This class is an introductory undergraduate course in machine learning. The class will briefly cover topics in regression, classification, mixture models, neural networks, deep learning, ensemble methods and reinforcement learning.

Prerequisites: You should understand basic probability and statistics, (STA 107, 250), and college-level algebra and calculus. For example it is expected that you know about standard probability distributions (Gaussians, Poisson), and also how to calculate derivatives. Knowledge of linear algebra is also expected, and knowledge of mathematics underlying probability models (STA 255, 261) will be useful. For the programming assignments, you should have some background in programming (CSC 270), and it would be helpful if you know Python.

• August 25: Webpage created.

Lectures: Monday 11-1pm (section 1), Wednesday 11-1pm (section 2), Thursday 4-6pm (section 3), Friday 11-1pm (section 4)

Lecture Room: AH 400 (section 1), MS 2170 (section 2), KP 108 (section 3), MS 2172 (section 4)

Instructor: Raquel Urtasun (sections 1 and 2), Richard Zemel (sections 3 and 4)

Office hours: Monday 4-5; Wednesday 4-5; Thursday 2-3; Pratt 290C

Tutorials: Monday 3-4pm (section 1), Wednesday 3-4pm (section 2), Thursday 6-7pm (section 3), Friday 3-4pm (section 4)

Tutorial Room: AH 400 (section 1), BA 1170 (section 2), KP 108 (section 3), MS 2172 (section 4)

The format of the class will be lectures, with some discussion. We strongly encourage interaction and questions. There are assigned readings for each lecture that are intended to prepare you to participate in the class discussion for that day.

The final grade will consist of the following
`Assignments` 55% (3 assignments, first two worth 15%, last 25%)
`Mid-Term Exam` 20%
`Final Exam` 25%

### Homework assignments

The best way to learn about a machine learning method is to program it yourself and experiment with it. So the assignments will generally involve implementing machine learning algorithms, and experimentation to test your algorithms on some data. You will be asked to summarize your work, and analyze the results, in brief (3-4 page) write ups. The implementations may be done in any language, but Matlab and Python are reocmmended. A brief tutorial on Matlab is included here. You may also use Octave.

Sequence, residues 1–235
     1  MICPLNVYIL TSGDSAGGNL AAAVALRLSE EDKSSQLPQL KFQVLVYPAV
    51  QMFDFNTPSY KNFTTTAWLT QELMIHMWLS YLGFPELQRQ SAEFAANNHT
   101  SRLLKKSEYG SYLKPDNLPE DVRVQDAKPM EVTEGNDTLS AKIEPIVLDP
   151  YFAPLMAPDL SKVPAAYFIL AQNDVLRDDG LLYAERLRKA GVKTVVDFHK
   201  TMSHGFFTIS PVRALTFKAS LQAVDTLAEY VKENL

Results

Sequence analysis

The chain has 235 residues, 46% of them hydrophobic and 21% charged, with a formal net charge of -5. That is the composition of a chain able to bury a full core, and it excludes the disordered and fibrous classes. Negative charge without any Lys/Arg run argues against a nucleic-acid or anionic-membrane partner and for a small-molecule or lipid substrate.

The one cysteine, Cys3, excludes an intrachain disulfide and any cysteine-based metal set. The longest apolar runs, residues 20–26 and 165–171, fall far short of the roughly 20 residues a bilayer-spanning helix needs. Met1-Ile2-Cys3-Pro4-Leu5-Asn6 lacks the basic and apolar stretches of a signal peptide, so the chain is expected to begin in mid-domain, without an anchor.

Collaboration on the assignments is not allowed. Each student is responsible for his or her own work. Discussion of assignments and programs should be limited to clarification of the handout itself, and should not involve any sharing of pseudocode or code or simulation results. Violation of this policy is grounds for a semester grade of F, in accordance with university regulations.

The schedule of assignments is included in the syllabus. Assignments are due at the beginning of class/tutorial on the due date. Because they may be discussed in class that day, it is important that you have completed them by that day. Assignments handed in late but before 5 pm of that day will be penalized by 5% (i.e., total points multiplied by 0.95); a late penalty of 10% per day will be assessed thereafter. Extensions will be granted only in special situations, and you will need a Student Medical Certificate or a written request approved by the instructor at least one week before the due date.

### Exams

There will be a mid-term in class during the 6th week of classes, which will be a closed book exam on all material covered up to that point in the lectures, tutorials, required readings, and assignments.

The final will not be cumulative, except insofar as concepts from the first half of the semester are essential for understanding the later material.

### Attendance

We expect students to attend all classes, and all tutorials. This is especially important because we will cover material in class that is not included in the textbook. Also, the tutorials will not only be for review and answering questions, but new material will also be covered.

There is no required textbook for this course. There are several recommended books. We will recommend specific chapters from Pattern Recognition and Machine Learning by Chris Bishop. We will also recommend other readings.

Click on the syllabus

#### Schedule (tentative)

Lecture 1Course Introduction lecture1 (handout)
lecture1 (animated)
Lecture 2Linear Regression Bishop, Chapter 1.0-1.1; 3.1 lecture2 (handout)
lecture2 (animated)
Tutorial 1Tutorial: Review on Probability tutorial1
Lecture 3Linear Classification Bishop: Pages 179-195 lecture3
Lecture 4Logistic Regression Bishop: Pages 203-207 lecture4
Lecture 5Non-parametric Methods Bishop: Pages 120-127 lecture5
Lecture 6Decision Trees lecture6
Tutorial 3Tutorial: K-NN and Decision Trees tutorial3
Lecture 7Multi-class Classification Bishop 4.1.2, 4.3.4 lecture7
Lecture 8Probabilistic Classifiers I Bishop 4.2.2 lecture8
Lecture 9Probabilistic Classifiers II Bishop, 380-381 lecture9
Tutorial 4Tutorial: Naive Bayes tutorial4
Lecture 10Neural Networks I Bishop 5.1 - 5.3 lecture10
Lecture 11Neural Networks II lecture11
Tutorial 5Tutorial: Neural Networks tutorial5
Tutorial 6Tutorial: Midterm Review
Lecture 12Clustering Bishop 9.1 lecture12
Lecture 13Mixture of Gaussians Bishop 9.2, 9.3 lecture13
Tutorial 6Tutorial: Clustering tutorial6
Lecture 14PCA & Autoencoders Bishop 12.1 lecture14
Lecture 15SVM Bishop: Chapter 7, pages 325-337 lecture15
Tutorial 7Tutorial: PCA tutorial7
Lecture 16Kernels lecture16
Lecture 17Ensemble Methods I Bishop 14.2 - 14.3 lecture17
Tutorial 8Tutorial: SVM tutorial8
Lecture 18Ensemble Methods II lecture18
Lecture 19Reinforcement Learning lecture19
Tutorial 9Tutorial: RL tutorial9